Announcements & Events
May 10, 2023
The Social Justice Committee of the San Joaquin Delta Teachers Association monthly remembrance of an anniversary of a significant event in Social Justice, Equity, or Civil Rights from U.S. History.
May 10 is the anniversary of the landmark U.S. Supreme Court decision in the case of Yick Wo v. Hopkins from 1886. This case determined that no State may “deny to any person within its jurisdiction the equal protection of the law.” This unanimous decision applied to all citizens and non-citizens alike.
The case involved two Chinese immigrants, Lee Yick and Wo Lee, who ran laundries in San Francisco. The city began to require permits to operate laundries in wooden building, but in accordance with the extremely racist and discriminatory practices of the era, denied permits to any and all such businesses run by Chinese immigrants. When both men continued to operate their businesses and refused to pay any fines, they were arrested and jailed.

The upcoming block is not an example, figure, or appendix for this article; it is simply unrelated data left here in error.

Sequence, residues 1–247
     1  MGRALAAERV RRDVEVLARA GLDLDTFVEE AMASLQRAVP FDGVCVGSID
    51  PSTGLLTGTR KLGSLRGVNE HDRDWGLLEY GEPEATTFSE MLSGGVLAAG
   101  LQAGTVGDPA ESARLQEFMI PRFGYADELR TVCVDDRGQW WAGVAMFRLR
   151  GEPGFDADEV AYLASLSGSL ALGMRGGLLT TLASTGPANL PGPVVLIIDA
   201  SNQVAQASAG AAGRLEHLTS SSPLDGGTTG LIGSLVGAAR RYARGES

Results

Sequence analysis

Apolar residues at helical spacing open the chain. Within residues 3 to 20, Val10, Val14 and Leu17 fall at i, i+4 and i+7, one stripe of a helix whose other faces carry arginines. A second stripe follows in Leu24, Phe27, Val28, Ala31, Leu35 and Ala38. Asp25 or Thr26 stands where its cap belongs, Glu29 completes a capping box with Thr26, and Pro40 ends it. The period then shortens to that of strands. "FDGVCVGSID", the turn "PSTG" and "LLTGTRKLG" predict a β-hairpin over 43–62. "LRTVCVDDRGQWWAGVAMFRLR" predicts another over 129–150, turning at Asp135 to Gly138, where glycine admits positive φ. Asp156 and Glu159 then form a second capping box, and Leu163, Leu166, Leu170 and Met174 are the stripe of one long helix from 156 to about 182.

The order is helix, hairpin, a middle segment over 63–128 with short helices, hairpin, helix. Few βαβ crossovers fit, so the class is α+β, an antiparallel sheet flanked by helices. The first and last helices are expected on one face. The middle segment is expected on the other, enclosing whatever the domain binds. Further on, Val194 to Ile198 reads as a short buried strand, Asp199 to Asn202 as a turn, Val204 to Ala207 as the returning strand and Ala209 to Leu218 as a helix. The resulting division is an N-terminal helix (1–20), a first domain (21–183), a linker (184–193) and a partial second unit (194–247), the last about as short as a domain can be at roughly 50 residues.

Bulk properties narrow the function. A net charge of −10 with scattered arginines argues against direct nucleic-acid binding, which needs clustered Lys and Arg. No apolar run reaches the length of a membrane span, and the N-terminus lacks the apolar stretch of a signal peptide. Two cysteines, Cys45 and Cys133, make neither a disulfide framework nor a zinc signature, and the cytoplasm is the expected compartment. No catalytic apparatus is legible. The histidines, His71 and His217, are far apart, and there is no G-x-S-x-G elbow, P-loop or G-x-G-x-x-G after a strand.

The significance of this case, the universal application of the Equal Protection Clause of the Fourteenth Amendment to all citizens and non-citizens within the United States and the extreme bravery needed to file such a case, cannot be underestimated.
It is interesting to note that Yick Wo was the name of the laundry where Lee Yick worked (see illustration) and that the Sheriff of San Francisco was Peter Hopkins.
For further on this topic you can find many online articles and I have provided some related links below.